When we talk about reintroducing the contemplative life into the humanities, therefore, we have to give some thought to what we are up against. Humanities methods have been extraordinarily stable over something like five centuries; all attempts to introduce alternatives have been successfully rebuffed. Periodic revivals of religious studies have not been able to dislodge entrenched ideas either, so a confrontational attitude would not be successful, even if it were advisable. Moreover, what one wants, ideally, is not an increased academic interest in meditation—we already have that in specialist circles—but the reestablishment of a tradition in which, along the model of some Eastern cultures, meditative practices and other intellectual activities are mutually supportive: a situation in which the person who meditates is not stepping out of the mainstream of his or her society, but is engaging in something normal and unremarkable, like keeping fit.


I think that the best way to achieve this goal is to begin with a concept related to the person’s overall health. Let us call this the individual’s well-being. Many Americans have little understanding of what is meant by meditation, but they all understand sickness, discomfort, and healing. If they are persuaded that meditation will contribute to their health, they may accept the idea of pursuing a contemplative activity within their daily lives. Some students of meditative practices will complain that I am tackling a spiritual problem through physical means, but the two cannot be separated. If people are taught to meditate, sooner or later many of them will discover the spiritual dimension on their own. In traditional settings, the pursuit of the contemplative life normally takes place within an accompanying belief system. The only equivalent of this type of faith in contemporary society may be the confidence displayed in science. If I ask a room full of Americans to meditate for cultural, religious, or spiritual reasons, I am likely to find myself in the midst of a heated debate about their emotional and intellectual loyalties. If I suggest that meditation may help them achieve better health, and ultimately, perhaps, a state of well-being, most of them would weigh the evidence before dismissing my arguments.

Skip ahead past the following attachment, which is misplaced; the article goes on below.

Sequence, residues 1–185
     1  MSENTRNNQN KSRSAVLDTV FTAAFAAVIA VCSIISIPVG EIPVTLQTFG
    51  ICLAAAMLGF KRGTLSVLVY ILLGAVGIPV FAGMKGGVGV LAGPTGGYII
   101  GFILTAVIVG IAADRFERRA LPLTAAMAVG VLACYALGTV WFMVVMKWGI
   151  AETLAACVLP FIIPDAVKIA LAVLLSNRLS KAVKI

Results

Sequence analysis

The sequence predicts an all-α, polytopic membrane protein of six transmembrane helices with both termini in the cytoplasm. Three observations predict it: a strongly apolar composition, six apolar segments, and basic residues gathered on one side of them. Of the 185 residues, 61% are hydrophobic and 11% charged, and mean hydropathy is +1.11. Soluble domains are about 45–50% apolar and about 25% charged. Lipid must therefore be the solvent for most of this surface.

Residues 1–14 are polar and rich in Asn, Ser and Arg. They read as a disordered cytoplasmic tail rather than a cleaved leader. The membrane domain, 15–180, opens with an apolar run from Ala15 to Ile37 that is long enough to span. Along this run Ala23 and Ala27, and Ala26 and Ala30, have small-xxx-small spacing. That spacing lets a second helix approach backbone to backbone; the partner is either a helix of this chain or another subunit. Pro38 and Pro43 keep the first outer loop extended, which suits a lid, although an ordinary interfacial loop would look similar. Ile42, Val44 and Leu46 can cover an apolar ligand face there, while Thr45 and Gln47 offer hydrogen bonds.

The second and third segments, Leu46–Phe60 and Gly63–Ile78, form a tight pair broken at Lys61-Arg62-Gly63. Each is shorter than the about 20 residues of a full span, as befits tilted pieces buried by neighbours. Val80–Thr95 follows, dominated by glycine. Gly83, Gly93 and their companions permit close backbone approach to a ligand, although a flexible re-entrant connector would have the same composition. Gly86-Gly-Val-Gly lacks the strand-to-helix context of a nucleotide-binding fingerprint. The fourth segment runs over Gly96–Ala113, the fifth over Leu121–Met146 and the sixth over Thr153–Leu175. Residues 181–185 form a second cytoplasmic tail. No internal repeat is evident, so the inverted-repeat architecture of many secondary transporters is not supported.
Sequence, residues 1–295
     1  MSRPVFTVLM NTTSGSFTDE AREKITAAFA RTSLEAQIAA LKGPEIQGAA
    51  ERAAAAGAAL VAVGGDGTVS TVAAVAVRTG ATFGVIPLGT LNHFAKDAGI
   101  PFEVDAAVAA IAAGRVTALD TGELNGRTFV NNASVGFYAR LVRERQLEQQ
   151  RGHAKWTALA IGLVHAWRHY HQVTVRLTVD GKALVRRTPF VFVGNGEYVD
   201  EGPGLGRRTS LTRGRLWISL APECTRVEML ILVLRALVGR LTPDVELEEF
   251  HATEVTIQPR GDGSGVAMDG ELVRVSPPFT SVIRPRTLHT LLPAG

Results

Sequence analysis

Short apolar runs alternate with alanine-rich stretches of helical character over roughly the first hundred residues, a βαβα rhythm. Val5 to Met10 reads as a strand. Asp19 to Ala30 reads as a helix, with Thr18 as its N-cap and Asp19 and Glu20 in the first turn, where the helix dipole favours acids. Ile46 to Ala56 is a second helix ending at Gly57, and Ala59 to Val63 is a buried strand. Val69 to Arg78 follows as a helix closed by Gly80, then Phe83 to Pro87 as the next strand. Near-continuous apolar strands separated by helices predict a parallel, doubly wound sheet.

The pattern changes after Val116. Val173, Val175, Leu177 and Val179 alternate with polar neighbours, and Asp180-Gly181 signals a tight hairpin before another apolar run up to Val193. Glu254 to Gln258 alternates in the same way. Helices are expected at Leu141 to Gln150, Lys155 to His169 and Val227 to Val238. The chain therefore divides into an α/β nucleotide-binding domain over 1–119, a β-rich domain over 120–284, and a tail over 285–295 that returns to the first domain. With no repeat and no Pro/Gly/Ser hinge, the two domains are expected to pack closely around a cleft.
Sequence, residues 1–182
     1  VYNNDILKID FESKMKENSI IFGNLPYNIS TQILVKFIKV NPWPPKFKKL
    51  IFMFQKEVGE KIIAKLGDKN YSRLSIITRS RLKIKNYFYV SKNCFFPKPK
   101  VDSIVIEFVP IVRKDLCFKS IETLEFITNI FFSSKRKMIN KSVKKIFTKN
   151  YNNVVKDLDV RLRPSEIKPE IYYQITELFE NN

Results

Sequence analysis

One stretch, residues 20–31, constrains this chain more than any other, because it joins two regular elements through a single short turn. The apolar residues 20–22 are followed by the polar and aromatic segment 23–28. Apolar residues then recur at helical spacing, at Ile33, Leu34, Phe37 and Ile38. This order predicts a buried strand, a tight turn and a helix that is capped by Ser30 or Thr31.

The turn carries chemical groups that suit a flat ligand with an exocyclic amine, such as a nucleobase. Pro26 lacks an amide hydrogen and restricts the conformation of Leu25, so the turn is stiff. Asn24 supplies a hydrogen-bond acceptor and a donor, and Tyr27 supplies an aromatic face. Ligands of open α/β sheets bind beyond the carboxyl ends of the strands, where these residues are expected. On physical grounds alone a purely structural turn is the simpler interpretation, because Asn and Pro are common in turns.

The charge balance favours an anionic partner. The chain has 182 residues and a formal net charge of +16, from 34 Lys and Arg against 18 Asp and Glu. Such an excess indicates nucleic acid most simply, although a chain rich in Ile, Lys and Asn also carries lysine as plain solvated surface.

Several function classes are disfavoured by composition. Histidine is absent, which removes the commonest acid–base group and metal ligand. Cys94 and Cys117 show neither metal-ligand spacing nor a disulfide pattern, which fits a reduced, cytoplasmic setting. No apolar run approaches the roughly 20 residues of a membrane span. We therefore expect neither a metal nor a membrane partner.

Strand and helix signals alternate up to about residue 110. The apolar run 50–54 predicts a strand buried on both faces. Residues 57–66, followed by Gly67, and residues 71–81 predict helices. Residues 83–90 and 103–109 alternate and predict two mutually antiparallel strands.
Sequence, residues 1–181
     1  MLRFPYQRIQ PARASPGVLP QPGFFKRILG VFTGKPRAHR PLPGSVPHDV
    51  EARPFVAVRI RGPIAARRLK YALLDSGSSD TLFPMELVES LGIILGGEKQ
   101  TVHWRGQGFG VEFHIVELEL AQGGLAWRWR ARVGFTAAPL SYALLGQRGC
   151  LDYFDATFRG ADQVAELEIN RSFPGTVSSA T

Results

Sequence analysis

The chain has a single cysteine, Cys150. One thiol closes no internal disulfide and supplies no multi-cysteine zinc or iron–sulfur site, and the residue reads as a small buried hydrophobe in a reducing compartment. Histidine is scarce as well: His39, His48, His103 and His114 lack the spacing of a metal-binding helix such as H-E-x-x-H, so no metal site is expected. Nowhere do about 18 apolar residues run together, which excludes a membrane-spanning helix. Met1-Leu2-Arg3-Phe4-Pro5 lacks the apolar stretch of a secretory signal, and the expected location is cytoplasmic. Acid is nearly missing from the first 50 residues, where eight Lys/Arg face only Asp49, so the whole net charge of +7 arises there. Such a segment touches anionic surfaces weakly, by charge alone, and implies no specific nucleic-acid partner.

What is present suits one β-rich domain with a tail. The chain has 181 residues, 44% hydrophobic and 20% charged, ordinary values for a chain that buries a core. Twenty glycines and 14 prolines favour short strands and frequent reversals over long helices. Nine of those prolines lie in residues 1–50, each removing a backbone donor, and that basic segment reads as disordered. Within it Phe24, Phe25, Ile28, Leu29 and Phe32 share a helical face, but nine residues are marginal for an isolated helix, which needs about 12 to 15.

That evidence is slowly being assembled. Yet, the study of meditative practice cannot afford to stand still in this respect. The notion of teachings of “timeless wisdom” is somewhat misleading. We lack a sufficiently large and diversified body of experimental evidence proving that large-scale programs in meditation would deliver the benefits that they promise, despite encouraging recent progress in major medical institutions. We know that stress reduction techniques like meditation lead to a positive state of the parasympathetic nervous system, and meditation is used increasingly to help prevent and treat heart disease, autoimmune disorders, chronic lung disease, headaches, diabetes, eczema, asthma, allergies, infertility, and gastrointestinal problems, as well as panic, depression, and hostility. But more studies are needed to clarify the effect of meditation in relation to other mind/body therapies.